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Washington County Delays Exotic Animal Ban

The Washington County Commission decided Tuesday, January 16, to delay until April 17 a proposed ban on keeping "exotic" animals in the county. In the meantime, the commission is likely to explore possible amendments, including an exemption for facilities with some type of accreditation.

Exotic animals are non-native wildlife such as lions, tigers, bears, monkeys and crocodiles. We support a ban on private parties keeping them in captivity because we believe such animals are physically and psychologically made to live in the wild, not in small, confined spaces; and because allowing people to keep these animals in captivity leads to more breeding, buying and selling for inhumane captive confinement. We oppose exemptions even for accredited facilities because they still increase demand for captive confinement, and because some accrediting organizations are illegitimate industry-run operations serving only to give false legitimacy to inhumane animal exploitation.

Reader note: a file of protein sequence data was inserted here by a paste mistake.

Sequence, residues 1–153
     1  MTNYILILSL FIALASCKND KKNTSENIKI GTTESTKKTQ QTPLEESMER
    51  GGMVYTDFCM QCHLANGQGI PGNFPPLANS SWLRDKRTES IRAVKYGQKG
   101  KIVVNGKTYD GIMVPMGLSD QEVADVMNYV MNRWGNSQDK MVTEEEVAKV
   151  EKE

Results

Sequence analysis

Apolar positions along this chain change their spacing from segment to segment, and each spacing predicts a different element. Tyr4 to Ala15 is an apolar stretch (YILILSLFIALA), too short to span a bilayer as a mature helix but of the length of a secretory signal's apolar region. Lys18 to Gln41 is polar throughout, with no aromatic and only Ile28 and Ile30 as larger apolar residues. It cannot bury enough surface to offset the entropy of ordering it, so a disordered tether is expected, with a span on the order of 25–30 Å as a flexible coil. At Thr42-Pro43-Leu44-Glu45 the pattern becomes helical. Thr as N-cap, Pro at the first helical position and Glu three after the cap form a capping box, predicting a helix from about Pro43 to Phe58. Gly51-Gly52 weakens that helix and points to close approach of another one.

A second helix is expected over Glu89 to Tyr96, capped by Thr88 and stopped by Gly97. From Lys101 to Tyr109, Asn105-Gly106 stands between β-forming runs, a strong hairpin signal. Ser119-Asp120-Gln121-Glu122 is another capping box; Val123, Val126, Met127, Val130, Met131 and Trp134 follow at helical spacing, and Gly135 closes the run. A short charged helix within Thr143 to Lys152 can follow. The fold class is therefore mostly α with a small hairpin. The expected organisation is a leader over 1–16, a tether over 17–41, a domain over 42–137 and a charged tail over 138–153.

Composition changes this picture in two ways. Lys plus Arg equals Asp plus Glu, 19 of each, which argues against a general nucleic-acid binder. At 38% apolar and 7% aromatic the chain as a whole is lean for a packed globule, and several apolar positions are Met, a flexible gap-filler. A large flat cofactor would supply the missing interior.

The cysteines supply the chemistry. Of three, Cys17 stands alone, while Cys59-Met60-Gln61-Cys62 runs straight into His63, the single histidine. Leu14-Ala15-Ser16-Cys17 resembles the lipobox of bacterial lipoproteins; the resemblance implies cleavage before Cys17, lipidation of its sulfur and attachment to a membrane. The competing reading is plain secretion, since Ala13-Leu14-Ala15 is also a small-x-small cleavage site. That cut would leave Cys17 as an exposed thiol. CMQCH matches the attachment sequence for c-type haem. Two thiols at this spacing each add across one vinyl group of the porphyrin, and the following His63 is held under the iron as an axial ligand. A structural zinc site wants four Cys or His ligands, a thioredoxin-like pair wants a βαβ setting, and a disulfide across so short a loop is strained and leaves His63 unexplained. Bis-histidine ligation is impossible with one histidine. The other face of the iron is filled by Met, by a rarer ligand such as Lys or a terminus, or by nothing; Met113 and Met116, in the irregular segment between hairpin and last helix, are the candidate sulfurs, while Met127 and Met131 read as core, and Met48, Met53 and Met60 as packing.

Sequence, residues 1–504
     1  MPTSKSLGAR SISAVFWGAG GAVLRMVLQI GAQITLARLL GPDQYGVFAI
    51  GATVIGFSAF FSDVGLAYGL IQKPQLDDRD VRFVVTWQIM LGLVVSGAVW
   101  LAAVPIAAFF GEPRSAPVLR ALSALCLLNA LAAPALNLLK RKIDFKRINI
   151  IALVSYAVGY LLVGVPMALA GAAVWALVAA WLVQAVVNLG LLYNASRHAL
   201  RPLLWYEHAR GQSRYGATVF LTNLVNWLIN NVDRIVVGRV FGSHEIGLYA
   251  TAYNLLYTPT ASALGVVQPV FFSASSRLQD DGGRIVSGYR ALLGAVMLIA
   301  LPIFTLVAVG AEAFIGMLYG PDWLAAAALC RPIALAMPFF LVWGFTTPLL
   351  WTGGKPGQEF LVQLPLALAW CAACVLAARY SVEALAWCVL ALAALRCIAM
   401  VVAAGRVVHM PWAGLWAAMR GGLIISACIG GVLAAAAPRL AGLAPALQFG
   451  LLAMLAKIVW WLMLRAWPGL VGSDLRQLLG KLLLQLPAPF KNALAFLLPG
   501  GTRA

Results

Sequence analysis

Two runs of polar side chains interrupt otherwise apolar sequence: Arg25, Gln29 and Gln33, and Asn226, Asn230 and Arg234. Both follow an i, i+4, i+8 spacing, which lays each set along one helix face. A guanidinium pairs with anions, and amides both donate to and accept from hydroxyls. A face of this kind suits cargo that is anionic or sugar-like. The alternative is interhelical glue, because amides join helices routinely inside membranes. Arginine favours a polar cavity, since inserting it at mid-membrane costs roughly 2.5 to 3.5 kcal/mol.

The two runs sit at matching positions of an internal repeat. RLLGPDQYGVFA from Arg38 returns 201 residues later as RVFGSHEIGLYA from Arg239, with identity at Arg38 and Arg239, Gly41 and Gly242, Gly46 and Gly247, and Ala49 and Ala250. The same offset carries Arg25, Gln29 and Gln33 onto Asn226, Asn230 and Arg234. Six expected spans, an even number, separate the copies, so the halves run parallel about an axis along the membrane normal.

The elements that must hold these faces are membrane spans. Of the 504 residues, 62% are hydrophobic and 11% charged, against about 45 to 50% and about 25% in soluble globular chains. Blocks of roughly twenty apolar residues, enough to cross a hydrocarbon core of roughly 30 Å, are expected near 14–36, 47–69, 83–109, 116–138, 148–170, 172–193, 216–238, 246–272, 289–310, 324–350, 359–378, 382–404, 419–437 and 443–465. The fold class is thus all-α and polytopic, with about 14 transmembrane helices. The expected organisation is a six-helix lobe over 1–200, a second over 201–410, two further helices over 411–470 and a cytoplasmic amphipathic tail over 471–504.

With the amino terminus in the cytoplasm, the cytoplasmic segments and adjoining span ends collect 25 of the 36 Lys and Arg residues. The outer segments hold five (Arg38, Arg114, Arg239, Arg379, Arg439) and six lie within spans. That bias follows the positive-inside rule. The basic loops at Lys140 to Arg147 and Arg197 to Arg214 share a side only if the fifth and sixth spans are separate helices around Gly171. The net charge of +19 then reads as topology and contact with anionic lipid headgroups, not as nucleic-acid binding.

To see the currently proposed Washington County ordinance, go here. While the public hearing on the current proposal is closed, you can always communicate with county commissioners here.

The county's proposed ban is in part a response to a business called "A Walk on the Wild Side," which exhibits exotic wild animals and recently relocated to Washington County. Willamette Week did a great article on the business in July, which you can find here.

You can see our written testimony on the Washington County ordinance here and here.

Thank you for your interest in this important issue!

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